The iwconfig command shows the current rate, but after an inactivity of about one minute the rate drops to 1M, gets increases to the previous value before by activity and iwconfig updates the rate information only after activity, e. g. a ping.
So to find out the rates wich are possible with the current adapter and access point you can look at the rates the iwlist which "iwlist s" schows or you an use use:
rm -f /tmp/foobar.rate*; for i in $(seq 1 300); do iwconfig wlan0 rate "$i"M fixed; sleep 1; ping -W 1 -q -c 3 192.168.1.1 2>&1 >/dev/null; echo -n $i; iwconfig wlan0 | grep Rate | tee -a /tmp/foobar.rate.txt; done; cat /tmp/foobar.rate.txt | cut -d "=" -f2 | cut -d " " -f1 | sort -V | unique /tmp/foobar.rate_.txt; cat /tmp/foobar.rate_.txt
This example with wlan0 is for an AP which may have a rate up to 300 Mbit/s and has the IP 192.168.1.1.
This method also finds non-integer rates like 5.5.
The following examples where made with the adapter Centrino Advanced-N 6235, 802.11 a/b/g/n, a distance of 2 m and under Ubuntu 13.04.
Example 1: Netgear WG602 v3, 2.4 GHz band, rates    1, 2, 5.5, 6,           9, 11, 12,           18,             24,           36,           48,     54
Example 2: Belkin F6D6230-4 v1, 2.4 GHz band, rates 1, 2,      6,           9, 11, 12,           18,             24,           36,           48,     54
Example 3: Belkin F6D6230-4 v1, 5 GHz band, rates              6, 6.5,      9,     12, 13,       18,             24,           36,           48,     54,             65
The last example was made with an AWUS036NEH: 
Example 4: Belkin F6D6230-4 v1, 2.4 GHz band, rates 1, 2,      6, 6.5, 7.2, 9, 11, 12,     14.4, 18, 19.5, 21.7, 24, 26, 28.9, 36, 39, 43.3, 48, 52, 54, 57.8, 58.5, 65, 72.2
So the Belkin router and the adapters in theory can use rates up to 150M or 300M, but the highest availble (65) is less then one half.
Higher rates of 130M and 144.4M where possible with a really short distance of only one meter and parallel orientation (to the two antennas of the Belkin F6D6230-4 v1).

A simple monitoring of the rate can be done with a loop:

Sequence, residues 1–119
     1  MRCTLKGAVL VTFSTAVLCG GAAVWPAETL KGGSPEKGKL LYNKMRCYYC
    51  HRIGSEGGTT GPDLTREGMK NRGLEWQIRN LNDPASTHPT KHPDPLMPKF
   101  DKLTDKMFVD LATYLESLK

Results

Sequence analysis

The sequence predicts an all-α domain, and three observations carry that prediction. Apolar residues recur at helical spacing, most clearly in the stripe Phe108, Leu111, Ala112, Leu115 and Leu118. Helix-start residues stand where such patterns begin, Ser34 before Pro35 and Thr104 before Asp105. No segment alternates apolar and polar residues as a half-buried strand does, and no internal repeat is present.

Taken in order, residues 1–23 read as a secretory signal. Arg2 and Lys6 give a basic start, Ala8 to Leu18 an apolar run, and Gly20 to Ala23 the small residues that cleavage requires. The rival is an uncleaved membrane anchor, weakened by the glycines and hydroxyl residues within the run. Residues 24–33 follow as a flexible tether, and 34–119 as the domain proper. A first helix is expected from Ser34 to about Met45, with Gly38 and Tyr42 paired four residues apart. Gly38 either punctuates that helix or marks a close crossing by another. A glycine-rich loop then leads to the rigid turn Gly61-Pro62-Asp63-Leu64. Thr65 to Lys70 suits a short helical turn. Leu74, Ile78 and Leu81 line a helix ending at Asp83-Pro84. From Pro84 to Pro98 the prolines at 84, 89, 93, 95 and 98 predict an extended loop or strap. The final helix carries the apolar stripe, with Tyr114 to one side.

typeset -i i=0; while true; do iwconfig 2>&1 | grep Rate | cut -d "=" -f2 | cut -d " " -f1 | tr -d "\n"; echo -e "\t$i"; i=i+1; sleep 1; done

A simple and rough measurement of the availible rate can be done with a flooding ping, e. g.
nice --20 ionice -c2 -n0 ping -W 1 -q -c 300 -l 3 -s 65507 -p 0f1e2d3c4b5a6978 -f 192.168.1.1
This works with APs which replys pings, so with most APs. Alternatives are Downloading from an HTTP or FTP server and tools like iperf.
The measured rate is number_of_packets * brutto_packet_size/time.
Example with the nominal rate 1M: 30 * 65535 Byte /15.021 s = 130.9 kByte/s = 1.05 Mbit/s, and 895.5 Mb/s for gigabit ethernet LAN (1000 Mb/s nominal). For rates higher than 11M the measured rate is about half the nominal value, e. g. 12.72 Mb/s at 24M.
But with such big packets of 65536 byte size the packet loss is usually 100 %, so this measures only the sending bandwidth without receiving. For measuring the bandwidth with (nearly) 0 % loss a smaller packet size must be used, e. g. 512 byte (including header and checksum):
ping -W 1 -q -c 15625 -s 484 -l 128 -p 0f1e2d3c4b5a6978 -f 192.168.1.1
Because of low packet loss the measured rate is 2* number_of_packets * brutto_packet_size/time, with number_of_packets * brutto_packet_size = 8,000,000 Bytes in this example.

7 Tuning the MAC address

Many Organisations like NSA and Mafia do collect many data without asking, informing, paying and often illegal, so you generelly should use strong encryption and also faked data.